That law only mentions the necessary requirements for someone to be a “fiador” (co-signer). It has nothing to do with getting a NIF. I don’t know where people here got the idea that you always need a cosigner for obtaining a NIF, which is totally false.
According to the law and as you can see if you go to the Portuguese government website talking about how to obtain a NIF (https://www.portaldocidadao.pt/web/autoridade-tributaria-e-aduaneira/numero-de-identificacao-fiscal-pessoa-singular) all you need is a national ID card if you’re from the EEA or a passport for anyone else if you are a resident. THERE ARE NO FURTHER REQUIREMENTS!
You only need a tax representative (not a fiador) if you aren’t a resident (basically if you don’t have a permanent address) and that person will basically serve to receive your mail from the Portuguese tax authorities. If you have a permanent property that you keep as a holiday house or something like that, you qualify as a resident and don’t need a representative.
On another point, a NIF is only required if you have to pay taxes in Portugal, otherwise, if you’re asked for one you can simply say you’re not a resident and don’t have one. No one will stop you from opening a bank account or get an internet contract because of that, tough I’ll freely admit the standard procedure is made around you having one. Nonetheless, if you need to get a utility contract you already have a permanent address to qualify as a resident, don’t you?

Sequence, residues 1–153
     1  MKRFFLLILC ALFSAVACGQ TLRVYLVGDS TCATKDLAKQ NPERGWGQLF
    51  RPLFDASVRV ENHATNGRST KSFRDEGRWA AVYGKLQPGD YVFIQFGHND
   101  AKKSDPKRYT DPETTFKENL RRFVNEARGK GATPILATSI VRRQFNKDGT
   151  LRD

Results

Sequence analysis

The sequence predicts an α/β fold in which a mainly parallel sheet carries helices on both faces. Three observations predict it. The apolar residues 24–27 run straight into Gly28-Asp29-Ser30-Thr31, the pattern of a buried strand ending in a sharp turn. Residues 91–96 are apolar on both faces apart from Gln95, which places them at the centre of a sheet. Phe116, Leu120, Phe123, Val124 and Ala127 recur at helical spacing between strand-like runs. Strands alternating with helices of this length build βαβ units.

I’m a Portuguese national, I’ve read the actual law in Portuguese, the mentioned website from the government and asked my mother who works in the Portuguese treasury.
I have no idea where you all got the “fiador” thing from. You only need one to apply for loans.
As a final point unlike what’s here mentioned multiple times, a “tax representative” and a “fiador” are totally unrelated things. The first is someone (pretty much always a lawyer though not strictly mandated by law to be such) that you give permission to represent you on tax matters, while the second is someone (usually a spouse or parent) that will vouch for you to get a loan and will assume the debt if you default on your payments